Using JSON Schema

I’ve been having to do some development lately around a project that requires strictly formatted data to be applied against a validated schema.  In looking at options, I evaluated JSON-Schema and XSD.  When looking around for which is better the results came back with neither side one is super superior to the other.  However, since this is for a REST service, I thought let’s go with JSON.

What I like about JSON-Schema is that it’s very quick to get up and running with.  The complete specification is available here and you can read through it in about an hour.  Over the next few posts I’ll highlight some of the key features of the schema and what I really like about it.

To get started, binding an already established file to a

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Getting Started with Azure Application Insights

Where do those lovely trace statements that you write in your Azure Functions go?

How do you access them?

With some recent changes in logging in Azure, you can access all this information via Application Insights directly from your Azure Function.  When you access your function, underneath the “Configured features” sections you will see an option called “Application Insights.”

Clicking on this link will then bring you to a dashboard of real-time metrics that you might be spooling from your service.  However, for today, what we are interested in are the log files that are available from the top of the toolbar menu called “Logs”.

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Dynamics365 Development Promotion Model

Following up on my previous post about how to best leverage the Dynamics365 platform, the second question I get asked a lot about it is – how do we promote this stuff between our different environments?

I.e., how do we get A to B without messing up C (or something akin to that logic).  Or rather, where should I deployed managed vs unmanaged solution components?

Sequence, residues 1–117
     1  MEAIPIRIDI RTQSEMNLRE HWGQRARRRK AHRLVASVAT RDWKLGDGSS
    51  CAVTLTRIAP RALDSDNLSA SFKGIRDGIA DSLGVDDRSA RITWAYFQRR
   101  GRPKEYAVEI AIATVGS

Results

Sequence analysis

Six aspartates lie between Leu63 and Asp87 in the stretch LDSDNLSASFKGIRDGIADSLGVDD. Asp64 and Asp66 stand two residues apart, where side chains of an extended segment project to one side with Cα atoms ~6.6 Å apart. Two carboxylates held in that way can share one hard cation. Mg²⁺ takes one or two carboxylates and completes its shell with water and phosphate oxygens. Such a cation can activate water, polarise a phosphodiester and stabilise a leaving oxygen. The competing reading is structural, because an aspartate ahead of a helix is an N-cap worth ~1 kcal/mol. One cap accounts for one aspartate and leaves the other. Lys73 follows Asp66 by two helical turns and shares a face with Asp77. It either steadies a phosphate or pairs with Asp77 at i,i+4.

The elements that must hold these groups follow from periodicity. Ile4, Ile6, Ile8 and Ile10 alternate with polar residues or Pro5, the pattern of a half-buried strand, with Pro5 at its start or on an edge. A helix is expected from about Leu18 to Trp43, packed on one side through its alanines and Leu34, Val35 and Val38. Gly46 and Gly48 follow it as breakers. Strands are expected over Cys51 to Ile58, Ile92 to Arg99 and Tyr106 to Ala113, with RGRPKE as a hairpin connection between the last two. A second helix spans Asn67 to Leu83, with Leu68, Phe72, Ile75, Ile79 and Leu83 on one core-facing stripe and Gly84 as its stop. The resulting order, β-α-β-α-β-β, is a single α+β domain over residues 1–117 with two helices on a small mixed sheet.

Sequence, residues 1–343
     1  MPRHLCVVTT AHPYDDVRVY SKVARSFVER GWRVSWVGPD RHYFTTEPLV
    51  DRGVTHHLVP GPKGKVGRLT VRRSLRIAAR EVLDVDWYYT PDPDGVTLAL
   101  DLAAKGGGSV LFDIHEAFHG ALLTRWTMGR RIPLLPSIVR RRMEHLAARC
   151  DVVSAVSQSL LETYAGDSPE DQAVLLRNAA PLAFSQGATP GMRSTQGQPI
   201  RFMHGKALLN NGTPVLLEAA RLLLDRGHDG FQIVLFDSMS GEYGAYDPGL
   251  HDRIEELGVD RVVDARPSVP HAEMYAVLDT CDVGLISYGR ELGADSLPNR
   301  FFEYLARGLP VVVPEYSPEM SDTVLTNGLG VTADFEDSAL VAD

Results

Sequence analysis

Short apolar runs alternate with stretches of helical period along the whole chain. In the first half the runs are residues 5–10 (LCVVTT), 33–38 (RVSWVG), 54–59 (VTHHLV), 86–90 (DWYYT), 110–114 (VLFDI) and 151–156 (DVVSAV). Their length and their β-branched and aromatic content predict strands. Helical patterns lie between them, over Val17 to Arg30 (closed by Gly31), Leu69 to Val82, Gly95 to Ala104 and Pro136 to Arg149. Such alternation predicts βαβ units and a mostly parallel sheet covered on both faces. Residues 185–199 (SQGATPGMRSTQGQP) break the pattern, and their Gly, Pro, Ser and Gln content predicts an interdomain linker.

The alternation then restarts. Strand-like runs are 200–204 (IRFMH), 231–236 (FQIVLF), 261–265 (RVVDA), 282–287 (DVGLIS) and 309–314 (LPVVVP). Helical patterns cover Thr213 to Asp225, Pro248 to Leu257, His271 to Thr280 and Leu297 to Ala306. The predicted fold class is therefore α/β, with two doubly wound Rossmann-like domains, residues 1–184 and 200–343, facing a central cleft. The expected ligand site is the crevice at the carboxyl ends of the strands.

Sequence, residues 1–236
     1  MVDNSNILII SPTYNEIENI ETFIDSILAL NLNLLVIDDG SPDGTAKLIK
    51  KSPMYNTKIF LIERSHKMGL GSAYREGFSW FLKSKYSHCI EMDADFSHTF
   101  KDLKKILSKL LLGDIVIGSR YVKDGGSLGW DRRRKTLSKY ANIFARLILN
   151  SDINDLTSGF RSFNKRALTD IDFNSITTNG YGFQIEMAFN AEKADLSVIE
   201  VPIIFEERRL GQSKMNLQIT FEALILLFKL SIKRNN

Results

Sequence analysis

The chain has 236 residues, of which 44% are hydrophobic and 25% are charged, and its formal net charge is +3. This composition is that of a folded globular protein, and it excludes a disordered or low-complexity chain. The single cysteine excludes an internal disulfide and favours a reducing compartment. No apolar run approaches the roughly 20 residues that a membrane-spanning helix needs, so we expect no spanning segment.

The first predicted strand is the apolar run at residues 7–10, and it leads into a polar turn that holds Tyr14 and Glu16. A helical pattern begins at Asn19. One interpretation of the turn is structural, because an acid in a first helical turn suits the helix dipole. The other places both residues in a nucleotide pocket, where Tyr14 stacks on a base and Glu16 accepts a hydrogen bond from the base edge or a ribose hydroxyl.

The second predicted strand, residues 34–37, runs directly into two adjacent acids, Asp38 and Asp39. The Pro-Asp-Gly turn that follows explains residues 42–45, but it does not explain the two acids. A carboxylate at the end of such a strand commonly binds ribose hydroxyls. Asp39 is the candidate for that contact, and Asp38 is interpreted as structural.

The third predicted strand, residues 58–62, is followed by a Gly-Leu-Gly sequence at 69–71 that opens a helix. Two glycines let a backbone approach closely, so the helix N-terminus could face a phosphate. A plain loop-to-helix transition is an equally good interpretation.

There are a variety of ways, but for each of the models I mentioned in my previous post (How much are you using your Dynamics Platform) here is what a simple model could look like.

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How to Use the Dynamics365 Platform

Generally, when starting a conversation with a new customer about moving to Dynamics365, the first statement they always make is…

We don’t want to change anything and we want to use it as is.

Which runs completely counter to the inherent capabilities of this platform at large not too mention what their requirements are and what they want to achieve.

I get it – you bought a car – you love it, it does almost everything you want to do so you don’t want to change it, but guess what, if you want to keep using it for life and get the most out of it, you’re going to have to make some changes.

Same with Dynamics365, with this in mind, I put together the following diagram that I hope will help new customers

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Azure Functions Local File Logging

In case you don’t know (I had no idea), here it is – the location of your log files when using the ILogger interface for Azure Functions.

%temp%\LogFiles\Application\Functions

Once there, you will be able to drill into your functions by name and find the log file(s) associated with that function.

logfiles

It’s also good practice to enable local file logging in your host.json file using the following syntax.

  "logging": {
    "fileLoggingMode": "always"
  }

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